"That's the Oxo Tower, of Oxo bullion fame." The man guiding our boat across the Thames told us. But since we were a bunch of tourists from America, none of us had ever heard of Oxo.
The building was originally constructed as a power station for the Post Office, built towards the end of the 19th century. It was subsequently acquired by the Liebig Extract of Meat Company, manufacturers of Oxo beef stock cubes, for conversion into a cold store.
The London building was largely rebuilt to an Art Deco design by company architect Albert Moore between 1928 and 1929. Much of the original power station was demolished, but the river facing facade was retained and extended. Liebig wanted to include a tower featuring illuminated signs advertising the OXO name.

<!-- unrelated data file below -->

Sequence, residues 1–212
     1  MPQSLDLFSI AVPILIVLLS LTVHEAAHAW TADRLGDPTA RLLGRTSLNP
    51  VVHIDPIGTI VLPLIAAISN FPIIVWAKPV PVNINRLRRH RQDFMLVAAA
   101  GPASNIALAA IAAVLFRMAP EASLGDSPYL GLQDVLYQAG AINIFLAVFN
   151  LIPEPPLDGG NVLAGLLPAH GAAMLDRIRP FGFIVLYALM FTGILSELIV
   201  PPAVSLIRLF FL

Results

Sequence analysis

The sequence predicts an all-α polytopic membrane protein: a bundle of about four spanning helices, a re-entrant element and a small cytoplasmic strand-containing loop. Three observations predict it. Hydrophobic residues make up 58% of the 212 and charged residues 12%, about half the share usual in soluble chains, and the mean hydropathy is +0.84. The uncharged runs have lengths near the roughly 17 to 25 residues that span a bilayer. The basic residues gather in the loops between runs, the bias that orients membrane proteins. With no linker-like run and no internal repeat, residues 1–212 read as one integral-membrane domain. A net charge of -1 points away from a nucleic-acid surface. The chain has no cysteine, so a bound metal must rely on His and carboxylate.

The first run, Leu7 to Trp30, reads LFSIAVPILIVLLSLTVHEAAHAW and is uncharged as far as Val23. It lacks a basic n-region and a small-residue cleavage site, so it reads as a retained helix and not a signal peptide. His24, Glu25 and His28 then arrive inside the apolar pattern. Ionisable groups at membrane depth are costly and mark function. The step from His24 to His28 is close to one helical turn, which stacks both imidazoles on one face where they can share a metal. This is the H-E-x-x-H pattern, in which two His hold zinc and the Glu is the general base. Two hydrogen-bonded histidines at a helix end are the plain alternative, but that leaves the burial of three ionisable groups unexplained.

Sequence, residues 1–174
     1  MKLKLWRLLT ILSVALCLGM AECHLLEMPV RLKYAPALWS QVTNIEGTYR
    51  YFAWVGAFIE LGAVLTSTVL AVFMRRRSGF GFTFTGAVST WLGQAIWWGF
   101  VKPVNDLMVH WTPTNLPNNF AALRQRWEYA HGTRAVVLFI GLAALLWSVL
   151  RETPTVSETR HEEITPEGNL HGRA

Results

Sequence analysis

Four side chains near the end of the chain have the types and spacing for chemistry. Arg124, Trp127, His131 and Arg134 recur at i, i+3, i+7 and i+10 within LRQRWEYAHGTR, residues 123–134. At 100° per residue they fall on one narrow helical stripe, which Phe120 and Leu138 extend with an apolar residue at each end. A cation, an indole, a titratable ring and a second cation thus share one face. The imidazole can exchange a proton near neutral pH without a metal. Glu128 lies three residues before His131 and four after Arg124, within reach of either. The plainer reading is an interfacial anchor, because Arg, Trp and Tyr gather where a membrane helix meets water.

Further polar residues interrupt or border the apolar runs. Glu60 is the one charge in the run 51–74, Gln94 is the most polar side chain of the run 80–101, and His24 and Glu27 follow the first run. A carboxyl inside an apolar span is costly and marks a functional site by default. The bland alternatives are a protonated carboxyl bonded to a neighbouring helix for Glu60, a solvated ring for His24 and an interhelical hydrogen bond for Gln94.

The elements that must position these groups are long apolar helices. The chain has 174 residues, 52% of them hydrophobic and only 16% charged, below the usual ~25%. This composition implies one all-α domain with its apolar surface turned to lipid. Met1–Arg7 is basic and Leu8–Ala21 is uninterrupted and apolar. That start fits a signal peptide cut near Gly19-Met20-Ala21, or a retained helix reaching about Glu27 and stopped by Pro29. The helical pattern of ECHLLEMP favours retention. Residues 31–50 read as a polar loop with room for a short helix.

The Oxo Tower Restaurant is a bit pricey, as should be expected in a proper London eatery. Three courses £33.00 for lunch, while most dinners seem to be in the £20.00 neighborhood. As with a lot of London Attractions, there is a 360 degree view to be had online.
It looks like a nice enough place and the view certainly seems worth seeing.
London is a great town for recycling, and old power plants and post offices seem to always be on their way to being new businesses of one sort or another. The OXO tower with its nice tic-tac-toe logo and sharp art deco lines is a very nice building that houses art exhibitions and flats as well as a restaurant.
So when a tour guide points out the Oxo Tower to you, nod knowongly when he talks about Oxo Stock Cubes.
Oxo Tower Wharf, Bargehouse Street, South Bank, London, SE1 9PH